DARPA is also looking at neutralizing or even reversing the effects of CRISPR Cas9 itself, the enzyme that made today’s breakthroughs in gene-editing possible in the first place. (It’s worth noting that China is now a leading country in gene editing science and its technology.)

“How do we reverse it [genetic editing] if it gets out into the wild and gets out of control?… That’s what the Safe Genes program is all about,” Walker said. “We’ve actually made a lot of progress there in being able to control gene edits.”

Walker didn’t go into specifics, but there’s plenty of non-military work in this area as well. It’s even led by some of the pioneers of gene editing themselves, who understandably would like a way to undo the effects if one of their experiments goes wrong.

The irony of gene editing is that the crucial tool wasn’t invented from scratch in the lab: It was found in nature. Many bacteria use CRISPR — a whole complex of DNA sequences — as a natural defense against invading viruses, allowing them to “recognize” the viral DNA as a foreign body and then use the Cas9 protein to cut it apart, “killing” the virus. (Though technically viruses aren’t living things in the first place). Scientists repurposed CRISPR Cas9 to snip apart and reorganize genes.

It turns out that, over millions of years of evolution, some viruses have developed an immunity to CRISP Cas9. They use so-called Anti-CRSPR proteins that shut down the enzyme so it can’t start slicing DNA — which would stop gene editing dead.

Benign Biotech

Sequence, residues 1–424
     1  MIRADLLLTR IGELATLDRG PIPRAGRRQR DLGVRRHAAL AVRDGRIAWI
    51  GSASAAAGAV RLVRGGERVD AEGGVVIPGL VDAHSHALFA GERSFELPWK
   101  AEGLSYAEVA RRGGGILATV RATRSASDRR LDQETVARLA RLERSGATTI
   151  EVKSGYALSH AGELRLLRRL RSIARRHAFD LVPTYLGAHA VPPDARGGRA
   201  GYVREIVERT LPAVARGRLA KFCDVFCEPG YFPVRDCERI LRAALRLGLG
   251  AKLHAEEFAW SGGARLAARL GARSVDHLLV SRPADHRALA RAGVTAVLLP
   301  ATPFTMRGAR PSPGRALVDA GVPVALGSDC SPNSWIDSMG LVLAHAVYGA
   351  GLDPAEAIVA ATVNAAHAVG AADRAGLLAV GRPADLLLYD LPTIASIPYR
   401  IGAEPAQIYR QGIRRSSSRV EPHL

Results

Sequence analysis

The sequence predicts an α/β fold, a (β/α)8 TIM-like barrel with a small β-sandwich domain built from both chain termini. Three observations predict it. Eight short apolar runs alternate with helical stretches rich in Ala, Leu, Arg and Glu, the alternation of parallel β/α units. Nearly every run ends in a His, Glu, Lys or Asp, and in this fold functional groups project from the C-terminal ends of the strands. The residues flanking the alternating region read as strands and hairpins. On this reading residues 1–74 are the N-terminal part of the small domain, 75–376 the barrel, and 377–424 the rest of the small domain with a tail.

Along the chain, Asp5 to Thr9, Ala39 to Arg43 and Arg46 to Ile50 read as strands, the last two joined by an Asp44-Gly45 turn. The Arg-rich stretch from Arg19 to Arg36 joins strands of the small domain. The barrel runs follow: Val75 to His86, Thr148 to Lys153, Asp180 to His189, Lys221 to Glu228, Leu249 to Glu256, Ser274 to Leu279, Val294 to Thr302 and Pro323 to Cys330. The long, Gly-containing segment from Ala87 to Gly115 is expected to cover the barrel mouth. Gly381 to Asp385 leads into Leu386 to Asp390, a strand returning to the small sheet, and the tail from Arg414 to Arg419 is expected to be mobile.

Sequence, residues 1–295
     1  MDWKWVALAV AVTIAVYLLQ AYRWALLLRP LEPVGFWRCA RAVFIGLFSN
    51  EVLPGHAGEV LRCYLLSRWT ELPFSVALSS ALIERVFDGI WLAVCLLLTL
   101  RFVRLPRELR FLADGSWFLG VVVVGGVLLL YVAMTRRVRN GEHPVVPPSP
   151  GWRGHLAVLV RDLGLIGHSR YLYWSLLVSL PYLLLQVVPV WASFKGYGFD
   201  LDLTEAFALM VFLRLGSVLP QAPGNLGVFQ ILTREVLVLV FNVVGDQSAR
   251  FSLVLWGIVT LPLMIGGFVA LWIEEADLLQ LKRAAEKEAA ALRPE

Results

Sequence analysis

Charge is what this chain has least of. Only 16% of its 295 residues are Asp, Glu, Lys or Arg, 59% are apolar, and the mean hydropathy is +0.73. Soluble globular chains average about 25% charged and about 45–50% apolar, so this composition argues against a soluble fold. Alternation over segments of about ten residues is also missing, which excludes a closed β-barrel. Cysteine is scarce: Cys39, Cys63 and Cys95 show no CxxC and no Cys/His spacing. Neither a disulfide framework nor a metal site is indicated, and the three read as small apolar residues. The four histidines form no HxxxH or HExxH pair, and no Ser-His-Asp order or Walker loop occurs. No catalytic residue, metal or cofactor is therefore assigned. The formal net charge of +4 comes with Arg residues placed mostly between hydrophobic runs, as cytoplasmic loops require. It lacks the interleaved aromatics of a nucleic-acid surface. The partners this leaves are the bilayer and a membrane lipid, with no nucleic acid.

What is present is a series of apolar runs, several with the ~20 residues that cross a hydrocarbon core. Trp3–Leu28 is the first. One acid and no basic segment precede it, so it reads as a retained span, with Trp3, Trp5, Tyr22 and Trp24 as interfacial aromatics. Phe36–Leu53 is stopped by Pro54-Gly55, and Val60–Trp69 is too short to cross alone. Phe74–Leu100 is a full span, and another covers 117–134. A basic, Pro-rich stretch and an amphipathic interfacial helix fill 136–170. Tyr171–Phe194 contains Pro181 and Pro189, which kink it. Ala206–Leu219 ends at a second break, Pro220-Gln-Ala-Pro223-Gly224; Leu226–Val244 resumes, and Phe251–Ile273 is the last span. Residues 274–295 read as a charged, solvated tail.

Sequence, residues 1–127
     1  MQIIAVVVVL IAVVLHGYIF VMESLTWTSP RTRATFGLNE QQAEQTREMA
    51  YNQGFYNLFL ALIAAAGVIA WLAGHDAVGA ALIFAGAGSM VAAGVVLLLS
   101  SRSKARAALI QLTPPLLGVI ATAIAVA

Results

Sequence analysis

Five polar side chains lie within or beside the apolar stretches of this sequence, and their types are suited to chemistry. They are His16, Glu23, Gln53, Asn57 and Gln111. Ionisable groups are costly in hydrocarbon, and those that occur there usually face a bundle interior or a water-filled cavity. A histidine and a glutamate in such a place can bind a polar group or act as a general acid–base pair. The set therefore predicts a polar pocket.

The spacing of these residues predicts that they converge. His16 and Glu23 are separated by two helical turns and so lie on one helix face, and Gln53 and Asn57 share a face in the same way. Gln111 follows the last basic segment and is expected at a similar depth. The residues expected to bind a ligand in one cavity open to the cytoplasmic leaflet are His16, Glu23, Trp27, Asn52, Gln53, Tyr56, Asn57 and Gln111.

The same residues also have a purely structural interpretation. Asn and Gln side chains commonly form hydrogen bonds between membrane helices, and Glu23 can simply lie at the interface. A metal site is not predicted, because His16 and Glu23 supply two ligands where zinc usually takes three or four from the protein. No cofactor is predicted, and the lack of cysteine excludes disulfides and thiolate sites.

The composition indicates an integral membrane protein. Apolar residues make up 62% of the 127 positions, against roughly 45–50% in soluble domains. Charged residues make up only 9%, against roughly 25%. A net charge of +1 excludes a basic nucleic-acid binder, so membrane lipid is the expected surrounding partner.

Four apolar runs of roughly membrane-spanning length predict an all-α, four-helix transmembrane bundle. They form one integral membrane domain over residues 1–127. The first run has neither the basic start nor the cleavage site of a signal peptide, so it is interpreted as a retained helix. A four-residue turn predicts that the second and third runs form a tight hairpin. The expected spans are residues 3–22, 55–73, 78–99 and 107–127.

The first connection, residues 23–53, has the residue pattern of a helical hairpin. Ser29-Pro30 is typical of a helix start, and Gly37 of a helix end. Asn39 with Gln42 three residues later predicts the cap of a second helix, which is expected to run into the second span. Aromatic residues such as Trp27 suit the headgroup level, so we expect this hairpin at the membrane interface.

There are many more benign applications for biotechnology, said Walker’s boss, Lisa Porter, the deputy under secretary of defense for research & engineering.

“When we think biotech in DoD, we think chem/bio defense, and that’s an element of the problem — but there’s also a lot of opportunity space that people don’t necessarily realize unless they talk to the biologists,” Porter told the CSIS conference. “[So] we will be focusing, not just on the traditional tenets of biotech that we always do, but we’ll be expanding into, what are the opportunities for new materials, new applications?”

One biotech project she offered as an example is developing new materials to rapidly lay down new runways. That’s a matter of intense interest to the Air Force, which is increasingly worried its big central bases are easy targets for long-range missiles and wants new ways to either repair them or create alternative sites in a hurry.

What about human augmentation (boosted humans)? That gets a lot of concern and media attention, Porter said — and quite rightly: “You read about what China is doing and we should be concerned, because they don’t have the same set of moral and ethical norms that we have in our country.” (DARPA is careful to note in many of the web pages outlining genetic and related work that they work closely with recognized ethicists to ensure they are not crossing lines that should not be crossed.)

Porter, like Walker, did not mention any American plans to biologically enhance our own troops. But there are DARPA efforts that could, in the fast-changing world of biotech, lead to smarter, faster healing and stronger humans. Or try to stop what other countries have done to their troops.

To do that, Walker said the agency needs to keep open channels with the academic community, work with companies of all sizes, and continue to attract the best talent.